Healthy Relationships: When is Love, Not Love?

Healthy Relationships: When is Love, Not Love?

Sharing your life with someone who you have a deep emotional bond to is one of life’s pure joys and biggest challenges. So, once the bliss of the honeymoon period has worn off and it becomes your new comfort zone, how do you know if your relationship is a healthy one?

Familiarity can mean that you are now more open to showing the side of you that isn’t trying to impress your partner. You may notice certain qualities that you didn’t see before or maybe their particular character quirks now feel like flaws. This is a normal part of getting to know each other. You aren’t going to love everything about your other half, but your love for them means you communicate your needs which leads to solutions and compromise.

But what if your relationship makes you feel unheard and afraid to speak up due to the fear of retaliation, or you feel unable to make decisions about who you see, what you do or how to spend money?

When is love, not love? shared this blog post with examples of when you can recognise when a partner is using control, a form of family violence. They define control as when your partner controls who you see, what you wear, what you spend or they humiliate you, verbally abuse you or physically hurt you.  

You may be thinking, my partner never physically hurts me, so my relationship isn’t abusive. However, our partner Aviva, who specialise in family violence, confirm here that it is any behaviour designed to gain power and control over a spouse, partner, child or other intimate family member. Family violence is not limited to physical abuse and sometimes emotional or psychological abuse is masked as love.

So, what are the kinds of violence and abuse? Aviva list other types of abuse that aren’t physical as:

  • Using coercion and threats
  • Using intimidation
  • Emotional abuse
  • Isolation
  • Minimising, denying and blaming
  • Using children
  • Economic abuse
  • Using / asserting dominance over another person
  • Sexual assault/abuse

You can find the Power & Control wheel via the link which goes into detail about what these certain kinds of abuse can look like and what the effects of family violence manifest as.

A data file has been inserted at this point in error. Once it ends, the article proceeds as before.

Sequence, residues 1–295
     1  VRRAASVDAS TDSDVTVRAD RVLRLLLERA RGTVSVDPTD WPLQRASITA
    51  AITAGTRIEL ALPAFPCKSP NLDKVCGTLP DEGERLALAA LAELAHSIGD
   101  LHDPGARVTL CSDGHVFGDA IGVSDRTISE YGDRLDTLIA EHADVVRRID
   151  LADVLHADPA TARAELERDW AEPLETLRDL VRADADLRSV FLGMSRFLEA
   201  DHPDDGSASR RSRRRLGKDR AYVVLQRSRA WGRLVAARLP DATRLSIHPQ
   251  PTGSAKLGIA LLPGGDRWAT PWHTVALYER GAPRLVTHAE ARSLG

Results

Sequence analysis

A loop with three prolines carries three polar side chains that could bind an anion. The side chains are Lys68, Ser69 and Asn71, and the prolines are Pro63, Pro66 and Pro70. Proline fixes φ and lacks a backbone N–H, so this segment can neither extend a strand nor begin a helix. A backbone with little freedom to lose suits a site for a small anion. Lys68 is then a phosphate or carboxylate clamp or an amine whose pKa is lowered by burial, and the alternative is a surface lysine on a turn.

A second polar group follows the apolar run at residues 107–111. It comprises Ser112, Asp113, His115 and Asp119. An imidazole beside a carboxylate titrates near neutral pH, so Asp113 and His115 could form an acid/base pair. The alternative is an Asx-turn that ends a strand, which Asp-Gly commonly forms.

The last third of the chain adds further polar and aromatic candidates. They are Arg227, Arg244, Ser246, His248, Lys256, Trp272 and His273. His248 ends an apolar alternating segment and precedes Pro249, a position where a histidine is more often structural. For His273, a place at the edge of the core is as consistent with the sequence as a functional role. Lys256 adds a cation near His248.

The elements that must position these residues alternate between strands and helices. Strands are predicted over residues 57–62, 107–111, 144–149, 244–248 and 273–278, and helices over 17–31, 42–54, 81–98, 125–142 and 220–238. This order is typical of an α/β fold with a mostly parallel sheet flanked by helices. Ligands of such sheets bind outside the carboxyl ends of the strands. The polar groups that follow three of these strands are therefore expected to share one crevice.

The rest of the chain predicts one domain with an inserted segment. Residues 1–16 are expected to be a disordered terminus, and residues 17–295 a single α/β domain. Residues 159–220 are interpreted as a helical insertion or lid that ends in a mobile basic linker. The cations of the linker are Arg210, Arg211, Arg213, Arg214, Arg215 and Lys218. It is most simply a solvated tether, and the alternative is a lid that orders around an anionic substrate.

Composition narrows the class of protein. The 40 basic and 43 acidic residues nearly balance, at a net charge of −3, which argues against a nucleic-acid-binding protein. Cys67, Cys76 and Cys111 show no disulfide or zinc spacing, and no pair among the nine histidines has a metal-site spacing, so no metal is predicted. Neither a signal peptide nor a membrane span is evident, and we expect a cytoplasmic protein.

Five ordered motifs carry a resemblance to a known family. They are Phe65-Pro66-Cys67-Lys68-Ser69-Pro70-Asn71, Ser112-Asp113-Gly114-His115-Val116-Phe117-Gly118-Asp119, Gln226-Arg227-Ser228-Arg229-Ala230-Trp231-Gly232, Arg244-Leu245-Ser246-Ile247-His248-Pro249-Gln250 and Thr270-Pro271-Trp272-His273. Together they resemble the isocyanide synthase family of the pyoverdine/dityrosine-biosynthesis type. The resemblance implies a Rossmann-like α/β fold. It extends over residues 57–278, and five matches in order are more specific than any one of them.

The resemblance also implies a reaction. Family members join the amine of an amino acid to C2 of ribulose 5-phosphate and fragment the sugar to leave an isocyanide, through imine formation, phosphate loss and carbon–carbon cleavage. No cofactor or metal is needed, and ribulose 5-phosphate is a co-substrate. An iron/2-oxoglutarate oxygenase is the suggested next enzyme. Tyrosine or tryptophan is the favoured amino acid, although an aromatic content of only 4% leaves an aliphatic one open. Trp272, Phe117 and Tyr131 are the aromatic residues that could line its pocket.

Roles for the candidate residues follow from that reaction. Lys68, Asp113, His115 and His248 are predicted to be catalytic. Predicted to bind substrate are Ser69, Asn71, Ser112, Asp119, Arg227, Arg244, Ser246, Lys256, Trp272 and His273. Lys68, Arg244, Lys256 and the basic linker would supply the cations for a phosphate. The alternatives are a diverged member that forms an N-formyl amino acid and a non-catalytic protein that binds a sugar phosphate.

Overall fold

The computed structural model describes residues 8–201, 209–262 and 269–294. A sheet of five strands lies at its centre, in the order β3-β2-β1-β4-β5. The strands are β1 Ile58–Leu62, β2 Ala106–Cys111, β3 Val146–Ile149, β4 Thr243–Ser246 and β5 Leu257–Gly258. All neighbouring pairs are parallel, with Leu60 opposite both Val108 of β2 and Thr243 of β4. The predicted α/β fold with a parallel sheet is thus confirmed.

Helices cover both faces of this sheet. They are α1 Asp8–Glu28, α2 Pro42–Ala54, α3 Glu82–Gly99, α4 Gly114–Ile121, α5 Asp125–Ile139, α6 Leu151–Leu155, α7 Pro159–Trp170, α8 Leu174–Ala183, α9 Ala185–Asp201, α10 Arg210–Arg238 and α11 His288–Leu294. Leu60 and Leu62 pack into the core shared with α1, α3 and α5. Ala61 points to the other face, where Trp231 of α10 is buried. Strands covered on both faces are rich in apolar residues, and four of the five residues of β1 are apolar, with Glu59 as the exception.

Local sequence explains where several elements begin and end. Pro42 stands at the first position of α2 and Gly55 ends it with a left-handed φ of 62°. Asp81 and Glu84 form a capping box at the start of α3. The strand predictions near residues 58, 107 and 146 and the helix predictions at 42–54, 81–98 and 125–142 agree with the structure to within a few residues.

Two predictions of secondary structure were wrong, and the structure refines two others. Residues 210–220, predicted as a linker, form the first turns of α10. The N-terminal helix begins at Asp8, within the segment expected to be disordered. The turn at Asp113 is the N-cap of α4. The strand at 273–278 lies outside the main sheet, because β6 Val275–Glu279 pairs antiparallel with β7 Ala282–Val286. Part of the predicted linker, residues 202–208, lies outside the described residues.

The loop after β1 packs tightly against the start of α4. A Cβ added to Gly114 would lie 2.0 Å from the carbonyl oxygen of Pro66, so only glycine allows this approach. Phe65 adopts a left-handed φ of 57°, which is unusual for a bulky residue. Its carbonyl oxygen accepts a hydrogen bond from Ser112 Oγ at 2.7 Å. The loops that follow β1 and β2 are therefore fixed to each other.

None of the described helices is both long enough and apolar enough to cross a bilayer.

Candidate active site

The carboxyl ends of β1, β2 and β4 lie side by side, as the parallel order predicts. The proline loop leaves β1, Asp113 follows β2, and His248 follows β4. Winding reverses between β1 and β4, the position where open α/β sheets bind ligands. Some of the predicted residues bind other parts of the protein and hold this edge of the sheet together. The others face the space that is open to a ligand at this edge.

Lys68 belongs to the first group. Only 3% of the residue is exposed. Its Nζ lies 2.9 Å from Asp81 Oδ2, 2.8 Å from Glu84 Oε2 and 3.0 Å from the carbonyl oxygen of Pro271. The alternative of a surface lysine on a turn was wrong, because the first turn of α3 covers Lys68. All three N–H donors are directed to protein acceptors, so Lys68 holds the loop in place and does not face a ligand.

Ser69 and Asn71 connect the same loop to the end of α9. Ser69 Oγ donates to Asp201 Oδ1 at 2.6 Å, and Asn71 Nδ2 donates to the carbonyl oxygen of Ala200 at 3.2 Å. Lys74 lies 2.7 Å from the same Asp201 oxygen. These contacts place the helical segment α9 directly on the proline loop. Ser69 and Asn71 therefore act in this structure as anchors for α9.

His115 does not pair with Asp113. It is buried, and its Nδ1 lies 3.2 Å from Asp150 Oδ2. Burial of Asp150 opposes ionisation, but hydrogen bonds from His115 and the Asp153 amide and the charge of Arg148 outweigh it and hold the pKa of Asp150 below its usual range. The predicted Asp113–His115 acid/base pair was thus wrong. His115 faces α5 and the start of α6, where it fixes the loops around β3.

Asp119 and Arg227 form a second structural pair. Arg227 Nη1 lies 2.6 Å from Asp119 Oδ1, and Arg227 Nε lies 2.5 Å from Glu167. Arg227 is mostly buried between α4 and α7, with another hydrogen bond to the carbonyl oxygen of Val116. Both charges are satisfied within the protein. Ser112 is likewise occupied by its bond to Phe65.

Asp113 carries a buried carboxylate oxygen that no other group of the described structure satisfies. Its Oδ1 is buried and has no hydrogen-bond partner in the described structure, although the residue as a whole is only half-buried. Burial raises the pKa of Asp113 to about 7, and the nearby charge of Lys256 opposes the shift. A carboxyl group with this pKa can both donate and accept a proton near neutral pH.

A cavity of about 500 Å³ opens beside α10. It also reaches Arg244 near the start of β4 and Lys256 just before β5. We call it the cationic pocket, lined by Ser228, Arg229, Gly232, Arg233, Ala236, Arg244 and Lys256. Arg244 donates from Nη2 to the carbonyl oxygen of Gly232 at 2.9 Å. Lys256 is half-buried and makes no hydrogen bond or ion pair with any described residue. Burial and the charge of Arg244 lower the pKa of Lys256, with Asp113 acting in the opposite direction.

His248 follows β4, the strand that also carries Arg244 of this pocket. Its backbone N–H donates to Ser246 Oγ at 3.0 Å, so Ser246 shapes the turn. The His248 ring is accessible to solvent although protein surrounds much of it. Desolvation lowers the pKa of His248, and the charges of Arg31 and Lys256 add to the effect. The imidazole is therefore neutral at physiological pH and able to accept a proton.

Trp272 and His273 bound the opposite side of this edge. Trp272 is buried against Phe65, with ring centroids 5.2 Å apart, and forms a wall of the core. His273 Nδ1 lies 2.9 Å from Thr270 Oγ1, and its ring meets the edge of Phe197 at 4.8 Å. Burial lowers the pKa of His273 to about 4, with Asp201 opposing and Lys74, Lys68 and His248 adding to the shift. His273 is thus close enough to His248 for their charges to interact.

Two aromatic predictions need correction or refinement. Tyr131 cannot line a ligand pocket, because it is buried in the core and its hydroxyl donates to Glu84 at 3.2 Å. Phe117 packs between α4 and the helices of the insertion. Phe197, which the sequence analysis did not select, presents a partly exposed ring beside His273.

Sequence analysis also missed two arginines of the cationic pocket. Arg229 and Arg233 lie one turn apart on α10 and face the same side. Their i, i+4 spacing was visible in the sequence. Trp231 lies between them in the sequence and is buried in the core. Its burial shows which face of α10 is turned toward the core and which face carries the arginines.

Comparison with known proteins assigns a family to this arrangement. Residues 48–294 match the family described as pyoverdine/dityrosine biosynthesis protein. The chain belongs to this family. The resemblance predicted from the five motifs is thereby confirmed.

So how can you build a healthy relationship? share some insight here on what a healthy relationship looks like, relationship red flags, and tips for building a stronger relationship. In a nutshell a healthy relationship should consist of open communication, trust, honesty, respect, equality, and consent.

If you need help recognising if your relationship consists of emotional or psychological abuse you can take Aviva’s Relationship Check Quiz here.

Unfortunately, family violence is our biggest referral reason and we see people experiencing violence more than ever before. If you feel like you need someone to talk to you can come into The Loft and talk to a Kaitūhono Hapori (Community Connector). We can give immediate support in the form of safety planning and if necessary can make referrals to our partner agency Aviva to handle your long term care and support. Aviva care for the whole family unit; so, while women receive support, Aviva also have a ReachOut service for people using violence, sexual assault support, and a tamariki programme to support children and youth who have experienced or witnessed violence. You can find more information here.

A healthy relationship builds you up, not tears you down. Seek support from people if you feel you are being emotionally, psychologically, or physically abused. The Loft is a safe, non-discriminatory space where you can confide in what you are experiencing and you can be rest assured your privacy and best interests will always be our top priority. You can find us here.

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